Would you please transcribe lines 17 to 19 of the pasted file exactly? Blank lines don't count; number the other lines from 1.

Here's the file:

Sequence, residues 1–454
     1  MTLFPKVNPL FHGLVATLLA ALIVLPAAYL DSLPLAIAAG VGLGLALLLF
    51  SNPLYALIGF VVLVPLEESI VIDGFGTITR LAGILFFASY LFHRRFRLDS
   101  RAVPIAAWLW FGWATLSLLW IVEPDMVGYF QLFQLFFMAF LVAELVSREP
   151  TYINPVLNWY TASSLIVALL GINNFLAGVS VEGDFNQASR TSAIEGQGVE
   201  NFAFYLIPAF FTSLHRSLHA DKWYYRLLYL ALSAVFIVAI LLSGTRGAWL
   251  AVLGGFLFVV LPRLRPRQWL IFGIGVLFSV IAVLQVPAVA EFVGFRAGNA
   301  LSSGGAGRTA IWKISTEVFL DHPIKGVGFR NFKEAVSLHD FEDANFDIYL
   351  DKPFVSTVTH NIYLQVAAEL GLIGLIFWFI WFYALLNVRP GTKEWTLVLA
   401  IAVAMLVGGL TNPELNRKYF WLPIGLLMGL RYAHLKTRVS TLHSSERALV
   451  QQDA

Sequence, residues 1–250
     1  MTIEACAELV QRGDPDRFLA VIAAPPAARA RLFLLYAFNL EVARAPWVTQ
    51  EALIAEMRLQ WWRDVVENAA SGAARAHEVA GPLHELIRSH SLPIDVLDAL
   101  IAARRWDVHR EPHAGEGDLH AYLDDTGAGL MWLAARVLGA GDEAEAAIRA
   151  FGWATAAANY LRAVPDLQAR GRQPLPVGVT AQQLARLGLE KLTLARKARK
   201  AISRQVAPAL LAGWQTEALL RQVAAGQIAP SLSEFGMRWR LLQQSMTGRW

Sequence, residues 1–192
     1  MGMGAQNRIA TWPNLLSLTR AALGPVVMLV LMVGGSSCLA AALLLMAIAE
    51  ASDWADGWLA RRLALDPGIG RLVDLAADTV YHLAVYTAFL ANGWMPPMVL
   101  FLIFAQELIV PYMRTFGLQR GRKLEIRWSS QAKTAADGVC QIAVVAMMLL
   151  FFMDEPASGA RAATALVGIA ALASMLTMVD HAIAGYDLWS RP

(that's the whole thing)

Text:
   201  AISRQVAPAL LAGWQTEALL RQVAAGQIAP SLSEFGMRWR LLQQSMTGRW

Sequence, residues 1–192
     1  MGMGAQNRIA TWPNLLSLTR AALGPVVMLV LMVGGSSCLA AALLLMAIAE